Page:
What constitutes ‘Serious Bodily Harm’ will depend on the circumstances of the incident and the nature and seriousness of the harm sustained by the person harmed.

The nature of the harm would include any fracture, deep laceration, injury to internal organ, impairment of a bodily function, blow to the head that causes severe concussion, or injury that results in admission to hospital.

By statute, incidents of serious bodily harm must be notified to the IPCA.

Exception:  Dog bites where the injury is not a deep laceration or puncture and the subject has been admitted to hospital only to allow the wound to be washed out and sutured before the subject is discharged. Dog bites are a mandatory reporting category of their own in any event.

Service Centres

Service Centres encompass Police Communication Centres, RNZPC, PNHQ and all other groups that are not part of a Police District.

Service Centre employees may be located at a District Headquarters, or at Police National Headquarters in Wellington.

Service Centres may provide a service internally to the organisation or externally to the public.

Significant Events

Significant events include, but are not restricted to:

  • A Police pursuit resulting in injury or death;
  • A suicide or attempted suicide in Police custody or immediately following an interaction with Police;
  • A use of force by Police (such as Taser, OC spray, baton or dog bite) resulting in serious bodily harm or death;
  • A use of a mechanical restraint resulting in serious bodily harm or death;
  • A discharge of a firearm by Police whether intentional or unintentional, or resulting in no injury, injury or death;
  • A serious bodily harm or death caused by Police by any other means;
  • An action by a Police employee that may bring Police into disrepute or undermine trust and confidence in Police.

When such events occur, it is standard practice for Police to conduct a review of the circumstances and actions, to determine that best practice and procedure was followed according to policy, and if there are any lessons to be learnt or further actions to be taken.

When such events occur, it is mandatory to notify the IPCA.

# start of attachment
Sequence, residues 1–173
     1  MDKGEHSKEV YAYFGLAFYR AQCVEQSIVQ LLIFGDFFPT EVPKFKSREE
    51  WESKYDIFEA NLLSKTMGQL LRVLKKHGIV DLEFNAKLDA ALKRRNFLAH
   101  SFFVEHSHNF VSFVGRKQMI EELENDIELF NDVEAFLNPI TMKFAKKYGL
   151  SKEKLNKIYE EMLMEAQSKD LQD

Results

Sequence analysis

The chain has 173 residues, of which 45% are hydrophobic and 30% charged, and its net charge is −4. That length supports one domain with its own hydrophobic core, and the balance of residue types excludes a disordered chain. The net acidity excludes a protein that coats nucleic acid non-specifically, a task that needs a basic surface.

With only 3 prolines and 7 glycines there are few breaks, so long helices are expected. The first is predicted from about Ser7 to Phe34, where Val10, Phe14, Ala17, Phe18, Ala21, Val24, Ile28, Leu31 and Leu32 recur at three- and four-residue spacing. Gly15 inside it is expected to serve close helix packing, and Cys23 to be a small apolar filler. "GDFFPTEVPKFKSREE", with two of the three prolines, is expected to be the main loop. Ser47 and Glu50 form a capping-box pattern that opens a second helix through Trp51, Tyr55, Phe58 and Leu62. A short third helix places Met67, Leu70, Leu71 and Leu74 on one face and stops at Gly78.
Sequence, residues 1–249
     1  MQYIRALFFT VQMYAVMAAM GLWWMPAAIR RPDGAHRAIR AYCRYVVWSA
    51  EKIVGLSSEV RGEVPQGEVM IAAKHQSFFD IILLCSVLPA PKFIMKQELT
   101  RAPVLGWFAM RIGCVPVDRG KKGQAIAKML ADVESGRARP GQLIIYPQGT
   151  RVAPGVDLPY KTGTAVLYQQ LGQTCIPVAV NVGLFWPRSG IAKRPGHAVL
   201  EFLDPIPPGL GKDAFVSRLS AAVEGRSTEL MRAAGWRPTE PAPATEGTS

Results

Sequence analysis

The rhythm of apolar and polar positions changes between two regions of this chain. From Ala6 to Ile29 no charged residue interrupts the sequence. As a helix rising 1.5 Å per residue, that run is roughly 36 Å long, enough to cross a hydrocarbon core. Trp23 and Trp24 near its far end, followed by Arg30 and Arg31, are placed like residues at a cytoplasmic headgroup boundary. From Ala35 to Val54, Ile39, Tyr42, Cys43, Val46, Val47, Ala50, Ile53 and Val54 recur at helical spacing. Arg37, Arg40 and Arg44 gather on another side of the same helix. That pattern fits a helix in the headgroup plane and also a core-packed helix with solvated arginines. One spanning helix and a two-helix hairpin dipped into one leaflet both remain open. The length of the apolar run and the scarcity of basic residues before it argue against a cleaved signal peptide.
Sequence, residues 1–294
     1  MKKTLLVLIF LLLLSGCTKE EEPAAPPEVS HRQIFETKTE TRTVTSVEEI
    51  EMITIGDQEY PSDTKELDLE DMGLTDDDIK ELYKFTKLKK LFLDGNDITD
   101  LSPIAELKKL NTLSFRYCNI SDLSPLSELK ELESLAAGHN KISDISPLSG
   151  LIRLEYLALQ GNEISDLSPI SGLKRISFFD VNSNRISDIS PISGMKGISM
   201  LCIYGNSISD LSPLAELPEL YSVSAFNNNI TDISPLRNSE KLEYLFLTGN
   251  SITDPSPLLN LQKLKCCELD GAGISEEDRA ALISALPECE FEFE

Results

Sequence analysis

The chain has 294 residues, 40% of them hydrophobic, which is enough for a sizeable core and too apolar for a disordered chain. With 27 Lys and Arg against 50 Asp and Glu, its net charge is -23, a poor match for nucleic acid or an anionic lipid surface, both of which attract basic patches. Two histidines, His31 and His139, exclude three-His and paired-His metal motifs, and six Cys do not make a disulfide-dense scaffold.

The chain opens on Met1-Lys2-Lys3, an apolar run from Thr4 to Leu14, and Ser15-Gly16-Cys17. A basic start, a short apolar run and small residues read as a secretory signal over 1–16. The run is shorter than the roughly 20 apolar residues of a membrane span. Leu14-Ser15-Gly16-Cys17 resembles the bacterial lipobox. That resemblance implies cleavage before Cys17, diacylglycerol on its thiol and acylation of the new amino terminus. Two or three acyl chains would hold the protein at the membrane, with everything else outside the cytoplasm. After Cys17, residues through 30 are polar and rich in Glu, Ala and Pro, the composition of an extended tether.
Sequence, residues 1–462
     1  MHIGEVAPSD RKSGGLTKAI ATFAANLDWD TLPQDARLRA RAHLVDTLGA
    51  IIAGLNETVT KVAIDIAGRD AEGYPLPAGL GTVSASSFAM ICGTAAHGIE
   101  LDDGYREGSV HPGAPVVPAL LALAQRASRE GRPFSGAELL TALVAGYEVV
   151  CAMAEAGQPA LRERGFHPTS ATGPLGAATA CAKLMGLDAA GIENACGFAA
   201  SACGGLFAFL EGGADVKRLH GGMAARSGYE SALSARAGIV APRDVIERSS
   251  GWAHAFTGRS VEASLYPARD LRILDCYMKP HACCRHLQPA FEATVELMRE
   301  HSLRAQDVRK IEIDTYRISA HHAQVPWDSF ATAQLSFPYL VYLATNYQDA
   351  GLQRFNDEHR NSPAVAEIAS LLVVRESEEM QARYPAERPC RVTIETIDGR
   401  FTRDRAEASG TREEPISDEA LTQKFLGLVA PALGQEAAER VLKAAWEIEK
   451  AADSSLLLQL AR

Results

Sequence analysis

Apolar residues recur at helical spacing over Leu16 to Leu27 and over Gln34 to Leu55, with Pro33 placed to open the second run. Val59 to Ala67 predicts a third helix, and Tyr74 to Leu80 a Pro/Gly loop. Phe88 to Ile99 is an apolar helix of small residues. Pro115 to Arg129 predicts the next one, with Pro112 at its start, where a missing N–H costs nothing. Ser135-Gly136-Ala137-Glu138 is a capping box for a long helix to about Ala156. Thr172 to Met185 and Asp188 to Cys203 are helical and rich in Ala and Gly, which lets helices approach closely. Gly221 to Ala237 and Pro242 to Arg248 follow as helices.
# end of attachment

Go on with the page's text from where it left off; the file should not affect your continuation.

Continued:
Taser

An electroshock weapon firing barbs attached by wires to batteries, causing temporary paralysis and manufactured by Taser Inc.

It is mandatory for every use of the Taser to be reported and recorded, and for the appropriateness of that use to be assessed.

Tasers are only carried by properly certified Constabulary and Authorised Officer employees when this has been approved.

Full list of allegations

[1] Use of force on duty

Constabulary employees and Authorised Officers have the power to use reasonable force to overcome someone escaping or resisting Police or when there is a justifiable belief their actions will harm any person, including themselves.

Police have a number of options, and selection of which to use is a judgement of the scale of threat or imminent danger to the employee or another person, and the possibilities of other people being at risk of injury by the course of action chosen.

These allegations are used when an employee has potentially exceeded their power or use of reasonable force.

  • Use of force on duty (Firearm)
  • Use of force on duty (Baton)
  • Use of force on duty (Taser)
  • Use of force on duty (OC Spray)
  • Use of force on duty (Dog bite)
  • Use of force on duty (Restraints)
  • Use of force on duty (Other object)
  • Use of force on duty (Manual)

[2] Arrest/Custodial

Constabulary employees have the power to arrest and detain in custody.  Use of these powers must be used in accordance with legislation and considering a person’s rights under the law.

Being arrested and placed in custody can be a stressful experience, and peoples’ behaviour can become volatile and unpredictable.  Alcohol or drugs can increase these risks.